When facing such opposition, how comforting it must have been for these Israelites to know that God was watching over them. It didn’t matter who tried to sabotage their efforts. It didn’t matter how much red tape they were put through. God, through King Cyrus, had issued a decree to rebuild the temple. They were carrying out His wishes, and they knew that He would be with them.
I don’t know about you, but it is so easy for me to forget that God is watching over me. It’s so easy to lose sight of the fact that God’s eye is on me. He knows me. He cares about me. And He is for me. (By the way, He knows you. He cares about you. And He is for you, too.) If I kept that in mind, maybe it would be easier to not let myself get discouraged by other people.
I’m sure you’ve had similar experiences. You’re trying to follow God’s will for your life, trying to be guided by the Spirit, and inevitably, somebody (well-meaning or not) comes along and rains on your parade. Maybe they discourage you. Or maybe they outright oppose you. In fact, for a time, maybe it appears as though they will get the better of you, be able to shut down what you’re trying to do for God.
When those kinds of things happen, don’t let it discourage you. Remember that the eye of your God is watching over you. He sees what you’re doing. He knows where your heart is at. And at just the right time, He will advance you as you follow His plan for your life. The distractions and the opposition of others won’t be able to obstruct your path if you keep your mind on Him. Remember that He knows you, He cares about you, He is for you, and in every way, He is always watching over you.
God blesses us through adversity.
I have to start today’s blog with a quote from a hymn written by William Cowper:
Ye fearful saints, fresh courage take;
The clouds ye so much dread
Are big with mercy and shall break
In blessings on your head.
I love that idea: The clouds we dread are big with mercy. There is an absolutely beautiful example of this in this chapter of Ezra. But first, let’s review what happened in the previous chapter: “At that time Tattenai, governor of Trans-Euphrates, and Shethar-Bozenai and their associates went to [the Israelites] and asked, ‘Who authorized you to rebuild this temple and to finish it?’ They also asked, ‘What are the names of those who are constructing this building?’” (Ezra 5:3-4)
So, Tattenai and Shethar-Bozenai decided they were going to shut down the work on God’s temple. First, they threatened the Israelites. Next, they went to the king and complained to such an extent that the king ordered an investigation. Wow, talk about storm clouds! To be met with such adversity and opposition must have been discouraging to the Israelites. I imagine they must have wondered if they would ever be able to finish the temple.
But then we turn to Ezra 6 and see what King Darius told those guys after he discovered the decree that had been issued by King Cyrus: “Now then, Tattenai, governor of Trans-Euphrates, and Shethar-Bozenai and you other officials of that province, stay away from there. Do not interfere with the work on this temple of God. Let the governor of the Jews and the Jewish elders rebuild this house of God on its site. Moreover, I hereby decree what you are to do for these elders of the Jews in the construction of this house of God: Their expenses are to be fully paid out of the royal treasury, from the revenues of Trans-Euphrates, so that the work will not stop. Whatever is needed—young bulls, rams, male lambs for burnt offerings to the God of heaven, and wheat, salt, wine and olive oil, -as requested by the priests in Jerusalem—must be given them daily without fail.” (vs 6-9)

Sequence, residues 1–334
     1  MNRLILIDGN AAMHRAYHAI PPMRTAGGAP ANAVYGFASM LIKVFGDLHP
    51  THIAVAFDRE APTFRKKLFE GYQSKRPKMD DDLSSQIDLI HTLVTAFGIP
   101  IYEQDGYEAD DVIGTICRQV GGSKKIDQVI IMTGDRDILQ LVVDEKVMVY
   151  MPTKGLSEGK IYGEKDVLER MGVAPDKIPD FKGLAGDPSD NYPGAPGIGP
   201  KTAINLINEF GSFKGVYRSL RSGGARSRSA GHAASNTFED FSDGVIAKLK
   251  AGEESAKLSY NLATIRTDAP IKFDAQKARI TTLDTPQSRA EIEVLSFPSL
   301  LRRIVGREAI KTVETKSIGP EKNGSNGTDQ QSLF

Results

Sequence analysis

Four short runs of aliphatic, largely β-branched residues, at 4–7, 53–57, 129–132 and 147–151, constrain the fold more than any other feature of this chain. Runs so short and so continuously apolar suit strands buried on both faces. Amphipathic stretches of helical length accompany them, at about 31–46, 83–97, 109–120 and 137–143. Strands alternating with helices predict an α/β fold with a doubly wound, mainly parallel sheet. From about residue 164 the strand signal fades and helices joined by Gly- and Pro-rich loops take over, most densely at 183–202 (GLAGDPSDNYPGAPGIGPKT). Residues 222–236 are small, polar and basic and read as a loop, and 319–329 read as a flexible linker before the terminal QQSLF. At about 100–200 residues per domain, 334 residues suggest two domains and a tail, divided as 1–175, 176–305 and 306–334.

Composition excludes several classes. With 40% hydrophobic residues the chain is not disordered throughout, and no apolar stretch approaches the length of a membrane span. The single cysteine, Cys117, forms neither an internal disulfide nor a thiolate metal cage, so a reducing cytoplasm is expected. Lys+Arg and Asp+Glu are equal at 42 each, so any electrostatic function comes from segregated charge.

That’s incredible! God took what those gentlemen meant for harm and used it to actually further the work on the temple. Instead of being hindered in their work, the Israelites ended up better off than before the two men had opposed them. The king not only told the men not to hinder the construction, but he actually ordered them to finance the work with local funds! Thus, the very opposition that threatened to end the work on the temple was used by God to make the work easier than it had been in the first place.
So, the next time the clouds gather around you, don’t be discouraged. Don’t let those clouds box in your vision. Remember that our God blesses us through adversity. He doesn’t bless us by removing obstacles. He blesses us by taking the obstacles others throw at us and turning them on their heads—bringing us out better on the other end than we were before the obstacle appeared.
William Cowper was right: The clouds ye so much dread are big with mercy!
God is our strength.
Seven chapters into his book, Ezra finally arrives on-scene, and the first thing he does is conduct a massive undertaking. It’s a huge task, including making a great journey across a large desert, transporting sacred items and gold and silver for the temple, and appointing judges to rule over the land. With such a monumental list of responsibilities at hand, Ezra was definitely going to need a lot of strength.
And in verse 28, he explains where all that strength would come from: “And I was strengthened as the hand of the Lord my God was upon me.” At first, that seemed like an odd statement to me. We get strength from food, water, shelter, and plenty of rest. We get strength from exercising our muscles. When we think of strength, our first thought probably isn’t the hand of God.
But I think Ezra was onto something. I think he sensed that the one and only thing that could truly give him the kind of strength he needed was knowing that he was pursuing a course in life that was borne out of the Father’s hand.
Just think about those hands for a moment. God’s hands. Hands that have held waters at bay, stretched back the curtains of the sky, and smoothed the rumpled hair of little children. They are the hands that caught Peter and hauled him up out of angry waves, brought sight to the eyes of blind men, and were nailed to a cross, dirty and blood-stained. Hands that have ever been outstretched in blessing.